If we’re not shopping, we’re probably going to a class somewhere. These days I’m swimming at the YMCA on Mondays and Wednesdays to get in shape, so he stays at the Kids Corner childcare room for an hour or so while I do that. (I’m taking adult swim lessons in the early evening on Fridays.) He has not been liking that one bit, but he only fusses a little bit; then he’s fine, and he always seems happy when I come back. On Tuesdays we go to Parenting with the Spirit at church; for some reason, he seems to be better about staying in the childcare room there, maybe because he is so familiar with it by this point. On Thursday mornings, we go to Early Childhood Family Education classes. When it’s time to separate, he goes toddling off after the other kids into the Zoom Room with nary a backwards glance. I think he’s okay with it because I spent the last half of last year staying with him in the kids’ room for half the class; he knows the routine. (See the picture below of him painting at ECFE!)

If we end up staying home to do chores, he is my shadow, generally undoing whatever I am trying to do. Or making a new mess somewhere else. The other day I finally tackled cleaning out the refrigerator; with a chore like that, my choices are to either 1) strap him into a high chair for an hour, or 2) try to integrate him into the job and just minimize the damage as much as possible. In the case of the refrigerator, he had a blast pulling bottles and containers out and putting them on the floor, in cabinets, on the table, etc., and then putting them back into the refrigerator, haphazardly. He looks so proud of himself!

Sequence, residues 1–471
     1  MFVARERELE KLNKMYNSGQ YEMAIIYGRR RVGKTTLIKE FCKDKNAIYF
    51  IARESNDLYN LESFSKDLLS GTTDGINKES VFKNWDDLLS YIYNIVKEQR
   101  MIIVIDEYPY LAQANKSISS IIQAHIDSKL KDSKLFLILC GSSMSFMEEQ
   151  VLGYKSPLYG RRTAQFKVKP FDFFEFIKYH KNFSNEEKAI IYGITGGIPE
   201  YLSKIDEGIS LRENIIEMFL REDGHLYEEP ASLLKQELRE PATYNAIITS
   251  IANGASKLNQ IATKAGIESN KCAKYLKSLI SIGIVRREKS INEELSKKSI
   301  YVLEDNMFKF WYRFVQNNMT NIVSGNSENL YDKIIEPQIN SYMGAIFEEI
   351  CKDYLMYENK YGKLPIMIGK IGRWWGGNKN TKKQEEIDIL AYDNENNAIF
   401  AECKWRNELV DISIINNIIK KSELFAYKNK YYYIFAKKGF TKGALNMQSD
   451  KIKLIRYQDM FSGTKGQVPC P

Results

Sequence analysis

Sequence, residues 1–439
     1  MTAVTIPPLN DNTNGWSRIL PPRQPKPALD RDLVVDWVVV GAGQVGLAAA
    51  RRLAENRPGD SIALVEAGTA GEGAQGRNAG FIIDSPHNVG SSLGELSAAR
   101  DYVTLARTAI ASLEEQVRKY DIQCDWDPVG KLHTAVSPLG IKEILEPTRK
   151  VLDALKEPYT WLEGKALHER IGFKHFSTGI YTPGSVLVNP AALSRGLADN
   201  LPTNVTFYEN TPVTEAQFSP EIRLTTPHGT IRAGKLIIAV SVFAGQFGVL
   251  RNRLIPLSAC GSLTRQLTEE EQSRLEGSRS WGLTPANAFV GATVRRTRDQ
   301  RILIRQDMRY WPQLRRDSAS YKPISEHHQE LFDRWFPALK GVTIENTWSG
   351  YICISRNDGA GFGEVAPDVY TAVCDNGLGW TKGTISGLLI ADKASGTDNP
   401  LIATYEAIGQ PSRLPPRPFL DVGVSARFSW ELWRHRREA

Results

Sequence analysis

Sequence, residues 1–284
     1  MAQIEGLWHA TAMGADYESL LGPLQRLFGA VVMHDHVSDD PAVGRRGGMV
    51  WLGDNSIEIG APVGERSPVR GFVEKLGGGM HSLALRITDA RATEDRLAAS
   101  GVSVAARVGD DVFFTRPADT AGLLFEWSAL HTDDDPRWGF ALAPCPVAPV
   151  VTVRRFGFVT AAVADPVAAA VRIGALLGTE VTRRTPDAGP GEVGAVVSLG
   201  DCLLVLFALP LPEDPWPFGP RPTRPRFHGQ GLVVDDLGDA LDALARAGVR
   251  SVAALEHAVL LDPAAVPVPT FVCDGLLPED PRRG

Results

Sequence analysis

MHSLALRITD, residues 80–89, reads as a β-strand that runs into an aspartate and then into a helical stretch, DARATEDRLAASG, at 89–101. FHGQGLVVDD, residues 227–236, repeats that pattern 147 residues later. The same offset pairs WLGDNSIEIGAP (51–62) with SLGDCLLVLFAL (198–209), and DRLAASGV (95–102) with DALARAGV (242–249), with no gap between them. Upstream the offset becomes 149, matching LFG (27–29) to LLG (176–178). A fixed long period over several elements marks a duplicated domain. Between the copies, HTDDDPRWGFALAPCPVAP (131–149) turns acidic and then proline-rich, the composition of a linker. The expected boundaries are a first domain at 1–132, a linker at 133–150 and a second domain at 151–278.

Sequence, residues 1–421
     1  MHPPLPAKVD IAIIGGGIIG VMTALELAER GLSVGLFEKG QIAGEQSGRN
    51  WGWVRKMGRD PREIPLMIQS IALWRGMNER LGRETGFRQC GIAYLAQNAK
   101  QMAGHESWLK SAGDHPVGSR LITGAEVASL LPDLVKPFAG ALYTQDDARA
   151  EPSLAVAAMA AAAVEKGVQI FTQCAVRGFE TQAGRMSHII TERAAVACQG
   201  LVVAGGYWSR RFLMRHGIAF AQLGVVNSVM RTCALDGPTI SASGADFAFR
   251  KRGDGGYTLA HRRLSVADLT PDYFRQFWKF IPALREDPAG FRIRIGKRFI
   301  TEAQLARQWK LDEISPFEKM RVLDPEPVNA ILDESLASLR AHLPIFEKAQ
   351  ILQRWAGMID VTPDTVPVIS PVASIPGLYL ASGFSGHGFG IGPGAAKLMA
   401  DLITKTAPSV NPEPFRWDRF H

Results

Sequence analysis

I need to stop here in order to head to bed, but I will try to post part two later this week.

(Part two follows below the pictures.)
 
He insisted on riding the saddle swings, just like his big sister.


Ah, yes...the venerable wooden toy train set, now being
enjoyed by a fourth generation of small hands.

One of his first paintings at ECFE.
Part 2


Lunchtime comes around 11, sometimes earlier. He adores apples, which he will eat whole or halved; potato chips (none of the other kids got potato chips at his age, but he sees his sibs with them, and they like to share!); and—ketchup! He really likes ketchup. If the refrigerator door is open, he will take it out, hold it up, and say, “Yum!” He likes ketchup with his French fries or with hot dogs. He will also eat grapes and bananas and pears and other fruit. When he’s full, or if he can’t swallow something (apple peels), he spits out whatever is in his mouth.

By 12:30, it’s time for “night night.” I have three strategies for trying to get him to sleep. One is to take him on a walk in the stroller; that works sometimes, but not usually. Still, the weather has been so beautiful in the last week or so (highs in the 80s every day!), we’ve been taking a lot of walks by the lake. He REALLY loves that. If we’re in the garage, he will pull out the stroller and beg to “walk, walk!” He likes looking at the passing scenery. We have our own park bench—a swinging one, near where our street runs into the park—and we sit there and watch the ducks and the passersby. He comments on every dog that passes: “Dog! Woof! Woof!” (He learned this from a Sandra Boynton book.)

A second strategy is to take him somewhere in the car and hope he falls asleep on the way home—tricky, because sometimes he falls asleep on the way to wherever you’re going. If he does fall asleep in the car, I can pick him up and move him to his bed without him waking up, which is a new experience for us.